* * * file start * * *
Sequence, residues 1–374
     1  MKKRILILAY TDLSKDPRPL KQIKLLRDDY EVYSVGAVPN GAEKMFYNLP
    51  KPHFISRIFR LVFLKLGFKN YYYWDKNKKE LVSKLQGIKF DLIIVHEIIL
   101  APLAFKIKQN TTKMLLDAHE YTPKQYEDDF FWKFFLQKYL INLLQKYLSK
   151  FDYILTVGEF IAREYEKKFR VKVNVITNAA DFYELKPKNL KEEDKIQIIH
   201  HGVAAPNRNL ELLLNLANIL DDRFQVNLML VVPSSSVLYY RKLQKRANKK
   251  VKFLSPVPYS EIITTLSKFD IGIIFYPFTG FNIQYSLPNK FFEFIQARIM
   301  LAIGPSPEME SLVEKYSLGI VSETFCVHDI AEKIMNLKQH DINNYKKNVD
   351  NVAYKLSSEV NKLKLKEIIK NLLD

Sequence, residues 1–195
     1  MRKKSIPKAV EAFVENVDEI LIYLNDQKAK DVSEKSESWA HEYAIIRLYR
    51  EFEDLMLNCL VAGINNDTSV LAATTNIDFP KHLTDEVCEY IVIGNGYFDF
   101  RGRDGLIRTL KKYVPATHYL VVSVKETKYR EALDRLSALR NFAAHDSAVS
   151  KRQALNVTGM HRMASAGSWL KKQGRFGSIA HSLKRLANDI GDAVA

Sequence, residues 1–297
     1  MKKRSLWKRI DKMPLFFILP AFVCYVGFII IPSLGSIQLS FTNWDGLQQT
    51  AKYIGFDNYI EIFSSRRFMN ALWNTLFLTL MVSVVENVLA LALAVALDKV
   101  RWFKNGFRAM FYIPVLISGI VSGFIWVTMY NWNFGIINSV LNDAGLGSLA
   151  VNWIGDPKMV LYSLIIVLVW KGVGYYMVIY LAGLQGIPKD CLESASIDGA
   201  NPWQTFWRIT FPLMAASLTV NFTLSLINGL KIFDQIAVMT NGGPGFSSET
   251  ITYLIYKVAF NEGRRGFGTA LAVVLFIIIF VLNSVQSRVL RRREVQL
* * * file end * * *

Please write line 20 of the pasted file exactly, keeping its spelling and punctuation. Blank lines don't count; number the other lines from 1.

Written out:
   201  NPWQTFWRIT FPLMAASLTV NFTLSLINGL KIFDQIAVMT NGGPGFSSET